The Japanese American National Museum (JANM) is deeply saddened by the passing of famed architect Gyo Obata, who designed JANM’s 84,000-square-foot Pavilion. Obata was 99 when he passed away on Tuesday, March 8, in St. Louis, Mo.
Obata was born in San Francisco in 1923. His father, Chiura, was an Issei painter and art professor at UC Berkeley. His mother, Haruko, was an Issei ikebana specialist. Obata was a first-year architecture student at UC Berkeley when the Japanese military attacked Pearl Harbor in 1941. He transferred to Washington University in St. Louis while his family was incarcerated at the Tanforan temporary detention facility and Topaz concentration camp during World War II.
At Tanforan, Chiura and George Matsusaburo Hibi founded the Tanforan Art School, where artists such as Miné Okubo served as instructors. When the incarcerees were sent to Utah, they renamed it the Topaz Art School.
After Obata graduated from Washington University in 1945, he earned a master’s degree at Cranbrook Academy of Arts in Detroit. In 1955 he founded Hellmuth, Obata, and Kassabaum (HOK) with George Hellmuth and George Kassabaum in St. Louis. His designs include the Abraham Lincoln Presidential Library and Museum in Springfield, Ill., and the National Air and Space Museum in Washington, D.C.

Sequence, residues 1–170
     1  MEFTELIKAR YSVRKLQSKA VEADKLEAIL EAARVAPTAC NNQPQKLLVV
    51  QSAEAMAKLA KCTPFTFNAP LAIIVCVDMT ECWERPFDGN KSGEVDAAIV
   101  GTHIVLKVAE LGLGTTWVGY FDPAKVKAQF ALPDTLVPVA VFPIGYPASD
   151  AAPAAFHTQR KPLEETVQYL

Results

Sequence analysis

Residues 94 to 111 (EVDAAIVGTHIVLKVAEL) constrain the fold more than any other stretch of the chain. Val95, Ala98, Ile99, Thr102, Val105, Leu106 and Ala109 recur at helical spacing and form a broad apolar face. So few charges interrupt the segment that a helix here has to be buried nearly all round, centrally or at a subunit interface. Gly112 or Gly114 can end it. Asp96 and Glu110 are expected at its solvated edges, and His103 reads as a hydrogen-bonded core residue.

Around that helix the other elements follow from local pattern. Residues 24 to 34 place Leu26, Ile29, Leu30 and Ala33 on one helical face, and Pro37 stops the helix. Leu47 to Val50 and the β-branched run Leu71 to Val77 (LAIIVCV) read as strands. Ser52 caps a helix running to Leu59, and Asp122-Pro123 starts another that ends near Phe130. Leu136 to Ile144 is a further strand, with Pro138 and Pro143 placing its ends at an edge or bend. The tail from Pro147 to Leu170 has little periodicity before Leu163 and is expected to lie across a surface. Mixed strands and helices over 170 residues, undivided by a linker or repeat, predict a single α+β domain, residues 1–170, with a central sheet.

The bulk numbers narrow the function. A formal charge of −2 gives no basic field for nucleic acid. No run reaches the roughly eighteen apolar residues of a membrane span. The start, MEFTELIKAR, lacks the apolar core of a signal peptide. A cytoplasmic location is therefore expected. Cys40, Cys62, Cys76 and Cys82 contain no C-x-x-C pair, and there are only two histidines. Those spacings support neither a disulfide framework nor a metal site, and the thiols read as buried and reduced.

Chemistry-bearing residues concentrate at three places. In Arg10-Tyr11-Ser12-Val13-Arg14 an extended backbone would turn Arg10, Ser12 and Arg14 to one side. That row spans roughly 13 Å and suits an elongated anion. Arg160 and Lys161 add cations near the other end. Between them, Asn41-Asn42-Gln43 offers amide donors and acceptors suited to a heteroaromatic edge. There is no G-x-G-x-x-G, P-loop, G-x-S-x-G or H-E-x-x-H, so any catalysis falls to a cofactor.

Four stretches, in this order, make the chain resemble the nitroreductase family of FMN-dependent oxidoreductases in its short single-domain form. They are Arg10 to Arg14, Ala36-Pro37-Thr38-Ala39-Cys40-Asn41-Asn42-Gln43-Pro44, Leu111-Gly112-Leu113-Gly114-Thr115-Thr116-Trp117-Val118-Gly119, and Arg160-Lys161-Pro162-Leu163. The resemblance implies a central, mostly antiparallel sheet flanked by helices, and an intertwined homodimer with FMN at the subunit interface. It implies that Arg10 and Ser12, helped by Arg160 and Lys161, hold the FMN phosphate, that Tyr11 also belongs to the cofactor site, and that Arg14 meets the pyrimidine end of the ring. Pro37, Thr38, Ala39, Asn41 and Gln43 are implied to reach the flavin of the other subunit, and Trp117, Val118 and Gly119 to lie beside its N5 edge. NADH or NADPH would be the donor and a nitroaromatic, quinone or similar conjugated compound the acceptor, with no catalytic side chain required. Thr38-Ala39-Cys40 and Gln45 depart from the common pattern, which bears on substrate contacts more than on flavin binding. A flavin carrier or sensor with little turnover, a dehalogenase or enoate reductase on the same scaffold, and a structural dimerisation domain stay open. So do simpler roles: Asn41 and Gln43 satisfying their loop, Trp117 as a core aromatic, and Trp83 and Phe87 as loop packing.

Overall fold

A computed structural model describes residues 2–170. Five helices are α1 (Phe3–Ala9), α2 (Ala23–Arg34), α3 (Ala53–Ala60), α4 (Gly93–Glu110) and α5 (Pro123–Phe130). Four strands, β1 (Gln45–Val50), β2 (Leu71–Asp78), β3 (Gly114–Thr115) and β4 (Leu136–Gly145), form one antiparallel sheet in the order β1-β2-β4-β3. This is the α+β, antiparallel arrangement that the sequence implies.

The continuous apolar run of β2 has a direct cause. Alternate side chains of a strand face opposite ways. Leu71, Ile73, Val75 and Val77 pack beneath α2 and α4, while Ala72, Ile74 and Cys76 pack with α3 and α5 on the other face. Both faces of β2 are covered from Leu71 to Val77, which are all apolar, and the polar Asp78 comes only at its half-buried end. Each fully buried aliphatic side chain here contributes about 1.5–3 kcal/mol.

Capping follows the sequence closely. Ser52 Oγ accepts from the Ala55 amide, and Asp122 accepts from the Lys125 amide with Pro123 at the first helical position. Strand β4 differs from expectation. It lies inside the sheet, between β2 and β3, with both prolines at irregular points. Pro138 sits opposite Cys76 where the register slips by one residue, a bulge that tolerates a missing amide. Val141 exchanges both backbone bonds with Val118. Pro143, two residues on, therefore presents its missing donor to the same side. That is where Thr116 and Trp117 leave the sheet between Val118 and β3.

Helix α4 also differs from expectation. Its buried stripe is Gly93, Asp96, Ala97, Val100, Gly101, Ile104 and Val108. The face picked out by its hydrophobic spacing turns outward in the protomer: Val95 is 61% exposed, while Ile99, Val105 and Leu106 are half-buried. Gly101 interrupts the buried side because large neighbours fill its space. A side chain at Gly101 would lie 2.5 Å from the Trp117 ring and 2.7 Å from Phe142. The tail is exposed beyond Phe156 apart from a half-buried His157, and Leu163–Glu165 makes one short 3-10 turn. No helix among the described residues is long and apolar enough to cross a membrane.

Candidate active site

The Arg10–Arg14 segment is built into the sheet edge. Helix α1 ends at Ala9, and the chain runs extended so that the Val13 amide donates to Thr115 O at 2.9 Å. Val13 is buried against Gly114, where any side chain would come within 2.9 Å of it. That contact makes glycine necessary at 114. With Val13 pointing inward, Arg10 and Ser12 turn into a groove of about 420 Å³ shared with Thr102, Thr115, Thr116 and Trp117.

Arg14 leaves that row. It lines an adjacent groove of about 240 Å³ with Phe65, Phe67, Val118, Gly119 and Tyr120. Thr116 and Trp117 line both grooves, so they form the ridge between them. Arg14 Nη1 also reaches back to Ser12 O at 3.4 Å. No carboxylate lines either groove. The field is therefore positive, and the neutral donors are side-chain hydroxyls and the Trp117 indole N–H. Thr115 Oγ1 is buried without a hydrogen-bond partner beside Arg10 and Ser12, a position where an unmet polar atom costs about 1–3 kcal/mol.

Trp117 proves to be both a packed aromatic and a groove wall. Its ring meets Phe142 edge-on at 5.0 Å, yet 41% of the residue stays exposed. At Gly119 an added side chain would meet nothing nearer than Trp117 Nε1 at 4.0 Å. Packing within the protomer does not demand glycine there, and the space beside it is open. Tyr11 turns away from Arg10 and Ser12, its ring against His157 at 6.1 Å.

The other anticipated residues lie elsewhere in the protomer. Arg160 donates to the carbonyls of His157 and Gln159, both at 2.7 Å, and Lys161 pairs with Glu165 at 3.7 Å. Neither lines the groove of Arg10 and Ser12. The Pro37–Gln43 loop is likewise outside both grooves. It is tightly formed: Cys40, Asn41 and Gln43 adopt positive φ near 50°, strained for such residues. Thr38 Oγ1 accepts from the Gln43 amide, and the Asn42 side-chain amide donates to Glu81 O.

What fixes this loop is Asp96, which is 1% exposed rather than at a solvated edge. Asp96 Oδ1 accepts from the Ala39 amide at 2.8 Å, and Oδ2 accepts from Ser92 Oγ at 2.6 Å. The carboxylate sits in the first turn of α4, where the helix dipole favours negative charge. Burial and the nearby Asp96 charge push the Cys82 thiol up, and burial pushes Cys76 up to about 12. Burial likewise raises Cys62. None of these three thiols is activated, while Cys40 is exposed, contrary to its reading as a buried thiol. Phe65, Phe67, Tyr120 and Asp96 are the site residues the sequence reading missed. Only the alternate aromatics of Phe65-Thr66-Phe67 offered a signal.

After JANM opened in 1992, the Board of Trustees commissioned Obata to design a new building that expanded the museum’s collection space, exhibition, and facilities. Obata chose materials such as wood, stone, and glass to echo the aesthetic of JANM’s Historic Building and fuse Japanese and American influences.
JANM received the Twenty-Five Year Award from the American Institute of Architects Los Angeles (AIALA) in October 2021. This award recognizes architecture that has made an enduring impact for 25-35 years. AIALA selected JANM’s Pavilion because its design elevates the Plaza and creates a sense of growth and community.
“Gyo’s Pavilion embodies openness and transparency, tenets of American democracy and historical responsibility,” said Ann Burroughs, president and CEO of JANM. “When you walk through JANM, you can feel his vision reverberating through the entire building. We are forever grateful for his extraordinary service. We send our deepest appreciation and condolences to his family.”